“The first and foremost thing we have to answer before we do anything is ‘what is the end impact to the employees to our workforce?’”
Panasonic “accounted for all aspects of the workforce because now that the work-life and the home life are amalgamated together, things that make us unique are now much more at the forefront of the talent conversation.”
This is because parents can no longer drop their kids off at daycare, instead, their personal lives are much closer to their work screens.
As a 100-year-old company, Panasonic had to change from its ingrained behavior in this environment, and “the pandemic has challenged us to rethink about in terms of what is appropriate work from home etiquette? What is appropriate work-from-home attire? Can you show up in a sweatshirt? Or do you have to show up in a collared jacket at all times?
“Those types of nuances to me are really what’s propelling and expediting the HR conversation. So it’s no longer about policies, programs, standardization, it’s a lot more about the diversification and individualization, but aligning on the single ultimate goal of whatever it is that you need your workforce to deliver.”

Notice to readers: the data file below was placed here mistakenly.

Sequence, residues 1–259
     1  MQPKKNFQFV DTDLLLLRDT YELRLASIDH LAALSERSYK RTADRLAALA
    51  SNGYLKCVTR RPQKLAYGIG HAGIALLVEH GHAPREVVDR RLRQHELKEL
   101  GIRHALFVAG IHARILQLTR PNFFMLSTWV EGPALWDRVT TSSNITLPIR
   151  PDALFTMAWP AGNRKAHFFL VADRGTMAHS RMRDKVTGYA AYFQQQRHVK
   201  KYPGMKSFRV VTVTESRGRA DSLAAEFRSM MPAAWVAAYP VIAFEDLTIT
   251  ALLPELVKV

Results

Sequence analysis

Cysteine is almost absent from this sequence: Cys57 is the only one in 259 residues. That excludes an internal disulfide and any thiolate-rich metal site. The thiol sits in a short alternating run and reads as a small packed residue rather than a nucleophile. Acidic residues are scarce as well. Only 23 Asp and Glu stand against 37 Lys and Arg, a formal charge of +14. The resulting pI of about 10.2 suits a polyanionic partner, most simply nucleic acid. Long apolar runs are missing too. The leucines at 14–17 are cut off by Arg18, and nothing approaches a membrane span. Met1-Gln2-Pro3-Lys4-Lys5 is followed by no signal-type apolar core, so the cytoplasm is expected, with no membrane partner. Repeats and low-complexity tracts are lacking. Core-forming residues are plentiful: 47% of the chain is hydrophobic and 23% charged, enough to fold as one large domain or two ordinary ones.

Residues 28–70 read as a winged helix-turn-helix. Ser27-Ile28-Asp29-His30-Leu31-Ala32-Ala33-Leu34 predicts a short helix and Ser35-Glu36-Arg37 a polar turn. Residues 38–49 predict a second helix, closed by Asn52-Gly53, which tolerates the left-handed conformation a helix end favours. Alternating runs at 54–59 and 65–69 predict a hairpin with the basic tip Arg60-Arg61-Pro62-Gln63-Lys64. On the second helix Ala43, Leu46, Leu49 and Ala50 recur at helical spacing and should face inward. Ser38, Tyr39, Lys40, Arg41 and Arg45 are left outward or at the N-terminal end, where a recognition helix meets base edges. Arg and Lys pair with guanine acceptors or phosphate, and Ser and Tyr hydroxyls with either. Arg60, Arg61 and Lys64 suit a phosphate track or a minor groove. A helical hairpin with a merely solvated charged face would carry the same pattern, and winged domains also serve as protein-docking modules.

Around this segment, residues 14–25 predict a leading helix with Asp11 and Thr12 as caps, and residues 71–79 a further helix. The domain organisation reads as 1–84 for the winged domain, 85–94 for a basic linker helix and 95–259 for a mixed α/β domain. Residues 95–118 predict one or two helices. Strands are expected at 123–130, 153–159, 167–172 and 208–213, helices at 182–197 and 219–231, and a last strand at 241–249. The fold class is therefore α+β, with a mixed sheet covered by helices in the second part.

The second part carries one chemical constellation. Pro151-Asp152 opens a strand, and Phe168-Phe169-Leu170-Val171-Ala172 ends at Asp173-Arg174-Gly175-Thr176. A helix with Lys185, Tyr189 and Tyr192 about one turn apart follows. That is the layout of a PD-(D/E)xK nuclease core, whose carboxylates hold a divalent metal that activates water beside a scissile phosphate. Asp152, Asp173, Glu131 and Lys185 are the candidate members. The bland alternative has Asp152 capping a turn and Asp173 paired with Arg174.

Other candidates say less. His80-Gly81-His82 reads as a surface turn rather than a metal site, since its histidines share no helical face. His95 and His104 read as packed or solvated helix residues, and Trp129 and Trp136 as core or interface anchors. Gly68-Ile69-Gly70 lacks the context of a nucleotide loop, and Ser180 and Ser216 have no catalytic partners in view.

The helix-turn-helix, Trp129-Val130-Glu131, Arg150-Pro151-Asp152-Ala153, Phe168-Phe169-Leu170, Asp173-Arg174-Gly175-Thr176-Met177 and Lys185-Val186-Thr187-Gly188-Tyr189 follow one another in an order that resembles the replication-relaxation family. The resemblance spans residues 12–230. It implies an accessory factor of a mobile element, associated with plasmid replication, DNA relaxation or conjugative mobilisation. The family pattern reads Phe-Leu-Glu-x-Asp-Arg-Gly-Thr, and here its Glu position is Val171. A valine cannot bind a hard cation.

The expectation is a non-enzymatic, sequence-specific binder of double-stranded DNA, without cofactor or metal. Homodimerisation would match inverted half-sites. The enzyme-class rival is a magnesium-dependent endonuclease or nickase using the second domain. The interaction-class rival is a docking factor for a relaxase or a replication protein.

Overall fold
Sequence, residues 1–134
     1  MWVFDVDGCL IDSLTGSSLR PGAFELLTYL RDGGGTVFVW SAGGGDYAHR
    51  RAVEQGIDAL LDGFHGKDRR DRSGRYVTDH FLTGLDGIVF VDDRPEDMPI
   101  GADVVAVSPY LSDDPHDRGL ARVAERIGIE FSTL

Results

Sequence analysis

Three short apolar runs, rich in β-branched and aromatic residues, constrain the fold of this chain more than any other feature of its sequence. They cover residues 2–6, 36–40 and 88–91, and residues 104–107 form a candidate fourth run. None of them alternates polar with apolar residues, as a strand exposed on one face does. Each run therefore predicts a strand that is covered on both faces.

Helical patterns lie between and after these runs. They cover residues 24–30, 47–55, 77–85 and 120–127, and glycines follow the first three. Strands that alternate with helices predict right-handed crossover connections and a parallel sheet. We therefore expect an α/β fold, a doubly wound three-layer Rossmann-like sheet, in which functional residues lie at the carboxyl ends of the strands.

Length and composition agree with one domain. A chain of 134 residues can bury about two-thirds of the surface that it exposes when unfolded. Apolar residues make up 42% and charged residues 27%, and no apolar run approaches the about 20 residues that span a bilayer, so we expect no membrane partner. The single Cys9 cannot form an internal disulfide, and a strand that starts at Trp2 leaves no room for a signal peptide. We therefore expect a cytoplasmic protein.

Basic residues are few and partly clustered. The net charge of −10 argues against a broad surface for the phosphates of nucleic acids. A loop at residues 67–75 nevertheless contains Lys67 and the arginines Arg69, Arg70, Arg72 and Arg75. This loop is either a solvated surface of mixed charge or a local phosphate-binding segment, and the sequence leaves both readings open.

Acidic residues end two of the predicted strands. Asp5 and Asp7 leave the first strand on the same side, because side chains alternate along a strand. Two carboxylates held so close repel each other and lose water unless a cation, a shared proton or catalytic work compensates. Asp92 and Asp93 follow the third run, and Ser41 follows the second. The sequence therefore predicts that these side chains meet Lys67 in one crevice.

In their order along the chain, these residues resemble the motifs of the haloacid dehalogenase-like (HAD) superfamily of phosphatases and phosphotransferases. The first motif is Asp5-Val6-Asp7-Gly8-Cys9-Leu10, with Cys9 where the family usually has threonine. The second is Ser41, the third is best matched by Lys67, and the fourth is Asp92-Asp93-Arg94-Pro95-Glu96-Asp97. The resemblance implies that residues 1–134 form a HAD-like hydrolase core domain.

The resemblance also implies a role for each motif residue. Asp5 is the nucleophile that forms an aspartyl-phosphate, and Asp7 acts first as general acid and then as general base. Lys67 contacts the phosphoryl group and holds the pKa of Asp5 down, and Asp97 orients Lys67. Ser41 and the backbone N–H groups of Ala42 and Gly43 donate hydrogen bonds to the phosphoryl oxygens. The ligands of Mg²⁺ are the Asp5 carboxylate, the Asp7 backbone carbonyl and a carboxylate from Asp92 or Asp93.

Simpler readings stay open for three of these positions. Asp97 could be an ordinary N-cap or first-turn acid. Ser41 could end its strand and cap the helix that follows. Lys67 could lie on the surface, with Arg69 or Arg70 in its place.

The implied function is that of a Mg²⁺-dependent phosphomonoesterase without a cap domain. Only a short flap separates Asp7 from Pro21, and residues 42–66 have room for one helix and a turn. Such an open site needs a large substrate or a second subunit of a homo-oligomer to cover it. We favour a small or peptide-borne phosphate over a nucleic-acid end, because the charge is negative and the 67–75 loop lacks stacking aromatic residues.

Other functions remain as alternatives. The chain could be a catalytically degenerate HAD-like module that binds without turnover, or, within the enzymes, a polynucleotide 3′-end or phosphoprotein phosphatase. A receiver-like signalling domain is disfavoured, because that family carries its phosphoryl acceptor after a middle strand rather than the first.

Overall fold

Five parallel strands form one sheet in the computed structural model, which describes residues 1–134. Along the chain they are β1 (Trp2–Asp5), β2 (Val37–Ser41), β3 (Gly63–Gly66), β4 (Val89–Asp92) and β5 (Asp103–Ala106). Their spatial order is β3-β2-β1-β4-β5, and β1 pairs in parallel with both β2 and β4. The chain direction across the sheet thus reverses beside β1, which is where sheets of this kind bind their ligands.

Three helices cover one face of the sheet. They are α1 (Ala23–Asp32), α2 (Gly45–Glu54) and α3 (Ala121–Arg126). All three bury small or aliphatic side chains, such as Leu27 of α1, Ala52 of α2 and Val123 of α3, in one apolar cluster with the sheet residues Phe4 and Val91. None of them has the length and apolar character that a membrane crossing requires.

Panasonic has evidently been adapting to the challenges of the pandemic and this has led Wu and her team to many interesting projects that leverage data.
Effectively using employee data
Panasonic has moved from annual surveys, with a long list of questions, to more focused and frequent probes. Wu explains: “That’s a huge component of how we gauge the success of our workforce, we came up with our predictive factors in terms of what are the criteria that are important to Panasonic.
“For example, Net Promoter Score is important to Panasonic. Then we’ve also figured out the algorithm that sits in the backend that helps us understand the correlation and what drives employee behavior in the workplace. So every pulse survey we launch has a topic of focus that helps us make decisions with our workforce’s inputs.”
As a result, the company has frequent diversity, equity, and inclusion (D,E&I) surveys, wellbeing surveys, transformation, and ways of working surveys.